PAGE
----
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Dog bed uses vibration technology to tackle post-lockdown anxiety in dogs

After experiencing the impact and distress of separation anxiety experienced by her family dog, a student has designed a dog bed that uses vibration therapy to help keep dogs calm.

Claudine and her dog Toffee with her vibrating dog bed product

Claudine Khalil, 21, says that when her family went back to their workplaces and she returned to university after the lockdown, her family dog Toffee, a Cavachon was so distressed it destroyed furniture as well as barking and howling constantly.

“I found it so upsetting seeing how much separation anxiety affected my dog after it became so used to us being home all the time during lockdown,” said Claudine from London, Westminster who is studying BSc Product Design at Nottingham Trent University.

“This experience inspired me to try and design something that would be able to reduce tension and stress in dogs when they struggle with solitude as a result of their owners being away from the home.”

Research shows that our pets have experienced a period of ‘hyperattachment’ during the lockdown period of the pandemic and as such are at much greater risk of separation anxiety.

The dog bed Claudine has designed features vibration technology, which utilises a sensory stimulation approach to destress and promote a calming effect in dogs.  This is achieved by a vibrating box which is inserted through a zipper in the side of the bed and is powered by a rechargeable Lithium-Ion battery.

In addition to the vibration therapy, the bed also features a memory foam padding and temperature regulation to further soothe the dog, with a changeable reflective foil layer that can be added for heat during winter or a self-cooling gel layer for the summer.

Claudine’s research included consulting with the RSPCA which said it was experiencing increased numbers of calls from owners whose dogs were exhibiting separation anxiety and very undesirable behaviour.

Her research also led her to work alongside a dog behavioural specialist as well as running a focus group with dog owners whose dogs were all experiencing separation anxiety post-lockdown.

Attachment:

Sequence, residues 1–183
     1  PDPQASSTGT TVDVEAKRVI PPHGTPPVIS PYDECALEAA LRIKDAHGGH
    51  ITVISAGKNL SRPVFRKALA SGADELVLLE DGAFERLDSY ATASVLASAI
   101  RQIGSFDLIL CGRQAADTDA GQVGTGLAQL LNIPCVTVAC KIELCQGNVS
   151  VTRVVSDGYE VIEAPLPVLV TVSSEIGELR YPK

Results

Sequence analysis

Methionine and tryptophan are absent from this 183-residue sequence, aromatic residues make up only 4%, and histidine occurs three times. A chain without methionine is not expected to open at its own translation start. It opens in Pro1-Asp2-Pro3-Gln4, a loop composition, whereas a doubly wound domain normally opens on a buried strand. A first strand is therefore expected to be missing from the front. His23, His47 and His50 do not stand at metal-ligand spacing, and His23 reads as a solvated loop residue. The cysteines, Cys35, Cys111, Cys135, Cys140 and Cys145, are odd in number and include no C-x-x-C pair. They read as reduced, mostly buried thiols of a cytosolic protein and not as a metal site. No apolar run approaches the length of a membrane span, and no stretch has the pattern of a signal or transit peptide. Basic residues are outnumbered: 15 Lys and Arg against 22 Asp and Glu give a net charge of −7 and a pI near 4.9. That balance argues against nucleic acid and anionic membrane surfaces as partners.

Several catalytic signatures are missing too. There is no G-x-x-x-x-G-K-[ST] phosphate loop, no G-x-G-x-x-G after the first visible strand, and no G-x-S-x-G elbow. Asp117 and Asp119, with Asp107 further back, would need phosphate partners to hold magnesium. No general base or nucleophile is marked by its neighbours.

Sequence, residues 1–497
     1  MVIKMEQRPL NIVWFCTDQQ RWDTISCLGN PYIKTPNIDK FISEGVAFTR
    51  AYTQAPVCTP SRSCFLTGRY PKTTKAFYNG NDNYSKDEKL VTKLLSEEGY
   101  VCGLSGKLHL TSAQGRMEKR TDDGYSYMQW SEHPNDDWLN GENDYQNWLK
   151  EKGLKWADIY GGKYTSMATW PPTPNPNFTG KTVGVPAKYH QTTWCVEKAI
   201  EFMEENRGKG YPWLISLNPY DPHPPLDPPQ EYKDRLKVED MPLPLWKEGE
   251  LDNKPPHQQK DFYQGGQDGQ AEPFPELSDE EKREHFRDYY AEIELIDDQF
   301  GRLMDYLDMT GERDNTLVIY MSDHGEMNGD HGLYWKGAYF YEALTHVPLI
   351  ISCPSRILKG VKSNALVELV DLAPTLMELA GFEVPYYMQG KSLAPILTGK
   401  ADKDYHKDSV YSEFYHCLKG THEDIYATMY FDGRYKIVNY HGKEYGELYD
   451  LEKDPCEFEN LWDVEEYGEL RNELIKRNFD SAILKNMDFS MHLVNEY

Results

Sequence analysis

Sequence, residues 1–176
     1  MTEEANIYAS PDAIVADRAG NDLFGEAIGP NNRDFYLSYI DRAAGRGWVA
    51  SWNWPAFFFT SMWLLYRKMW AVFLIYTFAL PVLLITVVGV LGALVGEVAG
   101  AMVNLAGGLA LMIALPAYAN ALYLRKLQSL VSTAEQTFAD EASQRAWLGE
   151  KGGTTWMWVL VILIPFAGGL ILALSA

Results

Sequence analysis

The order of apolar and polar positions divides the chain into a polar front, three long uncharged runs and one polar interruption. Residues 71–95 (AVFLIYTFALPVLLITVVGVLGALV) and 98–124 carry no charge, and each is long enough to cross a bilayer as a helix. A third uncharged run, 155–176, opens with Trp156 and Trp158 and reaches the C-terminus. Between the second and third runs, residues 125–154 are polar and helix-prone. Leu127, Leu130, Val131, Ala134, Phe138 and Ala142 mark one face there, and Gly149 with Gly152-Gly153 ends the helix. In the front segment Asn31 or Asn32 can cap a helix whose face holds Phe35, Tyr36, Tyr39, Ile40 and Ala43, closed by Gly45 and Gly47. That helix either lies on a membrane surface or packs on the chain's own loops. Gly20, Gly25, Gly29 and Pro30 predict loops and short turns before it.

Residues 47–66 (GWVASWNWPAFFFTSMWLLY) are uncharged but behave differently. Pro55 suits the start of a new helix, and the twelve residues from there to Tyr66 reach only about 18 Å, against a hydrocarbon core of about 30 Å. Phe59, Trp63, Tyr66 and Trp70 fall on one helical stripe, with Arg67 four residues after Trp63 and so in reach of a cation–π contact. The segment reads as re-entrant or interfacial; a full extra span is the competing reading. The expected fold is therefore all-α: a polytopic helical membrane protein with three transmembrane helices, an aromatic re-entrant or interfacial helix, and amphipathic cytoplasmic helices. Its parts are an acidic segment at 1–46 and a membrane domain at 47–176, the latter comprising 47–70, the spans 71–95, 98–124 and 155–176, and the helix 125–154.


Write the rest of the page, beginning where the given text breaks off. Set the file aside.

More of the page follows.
As part of the continued development of the product it will also feature a companion phone app which utilises pressure sensors within the dog bed to alert the owner when his or her dog is in the bed. The owner will then be able to use the app wherever they are to select from a range of vibration modes to soothe and relax the dog.

Claudine, of the School of Architecture, Design and the Built Environment, said: “I wanted to create a product which would not only help address separation anxiety experienced by dogs but also a way for owners to feel more connected to their dogs despite being away from the home.”

“Having a dog who suffers from separation anxiety, I know exactly how distressing it can be for dogs but also, their owners. I hope that my product can help dogs associate solitude with a time of relaxation and a safe space when they experience distress.”

Claudine’s product will be on display at the Art & Design Student Showcase from Saturday 28 May until Wednesday 1 June.

Product Design Senior Lecturer Dr Joseph Stewart said: “Claudine has shown how good research can inform good design.”

“Through speaking with real dog owners and specialists she identified a need for a product that can help keep dogs more calm at home and her dog bed seeks to do exactly that.”

  • Notes for editors

    Research referenced is from - Frontiers | Did the COVID-19 Pandemic Spark a Public Interest in Pet Adoption? | Veterinary Science (frontiersin.org)

    About Nottingham Trent University

    Nottingham Trent University (NTU) received the Queens Anniversary Prize for Higher and Further Education in 2021 for cultural heritage science research. It is the second time that NTU has been bestowed the honour of receiving a Queen’s Anniversary Prize for its research, the first being in 2015 for leading-edge research on the safety and security of global citizens.

    NTU was awarded Outstanding Support for Students 2020 (Times Higher Education Awards). It was the University of the Year 2019 (Guardian University Awards, UK Social Mobility Awards), Modern University of the Year 2018 (Times and Sunday Times Good University Guide) and University of the Year 2017 (Times Higher Education Awards).

    NTU is the 5th largest UK institution by student numbers, with over 33,000 students and more than 4,000 staff located across five campuses. It has an international student population of 4,000 and an NTU community representing around 160 countries.

    In the past 15 years, NTU has invested £450 million in tools, technology and facilities.

    NTU is in the UK’s top 10 for number of applications and ranked first for accepted offers (2019 UCAS UG acceptance data) It is also among the UK’s top five recruiters of students from disadvantaged backgrounds.

    75% of NTU students go on to graduate-level employment or graduate-entry education / training within fifteen months of graduating (Guardian University Guide 2021).

    NTU is 4th globally (and 3rd in the UK) for sustainability in the 2021 UI Green Metric University World Rankings (out of more than 900 participating universities).

Dog bed uses vibration technology to tackle post-lockdown anxiety in dogs

Published on 26 May 2022
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